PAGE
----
Still don't get why Bonucci was so "cheap".
on the 18th July, 2017 at 4:06am
FFP is idiotic like someone said here. What it is needed is a salary/transfer cap limit for all european clubs, or at least those who participate in the UCL. Otherwise, with the different rules/taxes across countries, FFP has non-sense at all
on the 17th July, 2017 at 7:52pm
Oh the irony in this articles and opinions.Afraid of a giant awakening? Maldini's Heir: Juventus does not need to buy a lot because its core is great, they can buy a world class, a couple of players here and there and they are good to go. Except, of course, they sell a world class player from its team, which automatically put them in the market to replace him.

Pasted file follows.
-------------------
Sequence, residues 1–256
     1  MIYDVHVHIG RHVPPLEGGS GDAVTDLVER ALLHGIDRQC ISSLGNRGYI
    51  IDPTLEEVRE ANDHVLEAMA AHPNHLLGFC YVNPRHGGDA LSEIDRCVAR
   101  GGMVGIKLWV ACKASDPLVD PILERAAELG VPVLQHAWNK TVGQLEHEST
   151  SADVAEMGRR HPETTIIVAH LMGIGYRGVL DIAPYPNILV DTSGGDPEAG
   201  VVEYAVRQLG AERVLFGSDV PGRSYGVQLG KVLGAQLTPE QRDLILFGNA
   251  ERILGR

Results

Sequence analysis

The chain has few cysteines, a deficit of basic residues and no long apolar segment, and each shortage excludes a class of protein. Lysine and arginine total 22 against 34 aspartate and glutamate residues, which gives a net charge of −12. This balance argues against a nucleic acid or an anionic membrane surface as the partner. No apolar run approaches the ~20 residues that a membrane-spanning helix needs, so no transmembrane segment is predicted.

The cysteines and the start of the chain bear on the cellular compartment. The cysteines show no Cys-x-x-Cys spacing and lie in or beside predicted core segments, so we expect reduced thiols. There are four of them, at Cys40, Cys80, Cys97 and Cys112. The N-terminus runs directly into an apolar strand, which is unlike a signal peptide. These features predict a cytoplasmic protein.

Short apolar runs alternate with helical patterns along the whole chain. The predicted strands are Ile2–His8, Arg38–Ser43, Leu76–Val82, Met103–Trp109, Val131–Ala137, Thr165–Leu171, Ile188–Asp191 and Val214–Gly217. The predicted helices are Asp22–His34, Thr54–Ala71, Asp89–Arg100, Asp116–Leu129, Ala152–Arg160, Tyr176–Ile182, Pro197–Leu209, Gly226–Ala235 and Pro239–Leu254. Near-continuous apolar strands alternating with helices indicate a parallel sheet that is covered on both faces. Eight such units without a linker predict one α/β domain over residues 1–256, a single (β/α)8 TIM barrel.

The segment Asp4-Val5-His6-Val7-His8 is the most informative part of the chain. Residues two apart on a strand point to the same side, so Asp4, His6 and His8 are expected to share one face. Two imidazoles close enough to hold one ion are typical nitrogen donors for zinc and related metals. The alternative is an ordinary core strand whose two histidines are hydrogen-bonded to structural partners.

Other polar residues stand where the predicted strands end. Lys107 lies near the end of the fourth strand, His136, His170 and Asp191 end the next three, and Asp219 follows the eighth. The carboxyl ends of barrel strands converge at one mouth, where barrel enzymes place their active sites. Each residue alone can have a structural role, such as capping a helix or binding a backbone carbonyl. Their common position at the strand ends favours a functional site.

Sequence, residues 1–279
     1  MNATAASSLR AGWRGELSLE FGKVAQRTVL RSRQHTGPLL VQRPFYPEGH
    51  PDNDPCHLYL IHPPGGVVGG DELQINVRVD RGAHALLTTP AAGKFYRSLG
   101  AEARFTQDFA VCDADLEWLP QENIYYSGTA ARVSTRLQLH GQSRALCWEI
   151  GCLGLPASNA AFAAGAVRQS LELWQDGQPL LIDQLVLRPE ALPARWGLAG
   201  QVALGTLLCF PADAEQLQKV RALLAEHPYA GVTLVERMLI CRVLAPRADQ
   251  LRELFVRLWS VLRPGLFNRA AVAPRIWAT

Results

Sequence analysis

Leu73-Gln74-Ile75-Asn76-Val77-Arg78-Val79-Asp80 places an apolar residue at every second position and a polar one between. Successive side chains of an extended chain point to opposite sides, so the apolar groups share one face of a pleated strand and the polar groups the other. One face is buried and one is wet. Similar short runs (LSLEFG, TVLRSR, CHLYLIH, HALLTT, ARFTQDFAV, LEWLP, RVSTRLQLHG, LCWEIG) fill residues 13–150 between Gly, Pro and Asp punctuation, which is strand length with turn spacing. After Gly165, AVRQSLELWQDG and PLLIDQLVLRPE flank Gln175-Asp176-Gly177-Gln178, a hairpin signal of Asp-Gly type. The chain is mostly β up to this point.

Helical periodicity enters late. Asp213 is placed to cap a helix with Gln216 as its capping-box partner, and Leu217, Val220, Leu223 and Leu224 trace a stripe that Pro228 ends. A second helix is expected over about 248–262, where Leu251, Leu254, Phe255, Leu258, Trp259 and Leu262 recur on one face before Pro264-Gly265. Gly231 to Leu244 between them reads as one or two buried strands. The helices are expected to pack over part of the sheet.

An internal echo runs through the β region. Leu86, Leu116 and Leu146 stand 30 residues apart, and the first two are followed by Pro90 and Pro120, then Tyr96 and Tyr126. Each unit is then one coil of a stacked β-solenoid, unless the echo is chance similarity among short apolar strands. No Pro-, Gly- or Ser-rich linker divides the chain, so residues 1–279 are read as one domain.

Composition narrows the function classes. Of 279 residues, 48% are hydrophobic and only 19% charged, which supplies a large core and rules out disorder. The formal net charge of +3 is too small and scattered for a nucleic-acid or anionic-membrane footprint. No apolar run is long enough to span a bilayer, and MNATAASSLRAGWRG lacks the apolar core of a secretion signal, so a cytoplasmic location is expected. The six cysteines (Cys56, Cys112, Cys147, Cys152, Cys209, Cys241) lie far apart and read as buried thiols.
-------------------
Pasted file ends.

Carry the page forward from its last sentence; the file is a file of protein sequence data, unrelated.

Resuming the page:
Last season Milan was horrible.Let's see how all the new people in it goes first then we talk-The pitch says if a player was cheap or not
on the 17th July, 2017 at 7:23pm
With these rules how van a team like roma or a team like milan ever compete with a team like madrid or man city. Those teams have almost billion dollar debts and yet every year other not so big teams have to sell their best player to balance the books and follow FFP. It is the craziest rule and they need much improving to it so all teams have an equal chance. End of the day were better off not having this rule because the big teams only get stronger and the less financial teams get smaller
on the 17th July, 2017 at 7:22pm
FFP is the most flawed thing ever and it's only a money grab. They should either totally change it or take it out completely. I mean teams like Barcelona man utd man city real Madrid bayern can buy whomever they want because they make it back, while serie a team's and other leagues have to sell to balance books. Look at roma, they have to sell their best players so they don't get sanctioned. While real can afford to keep James Rodriguez on the bench.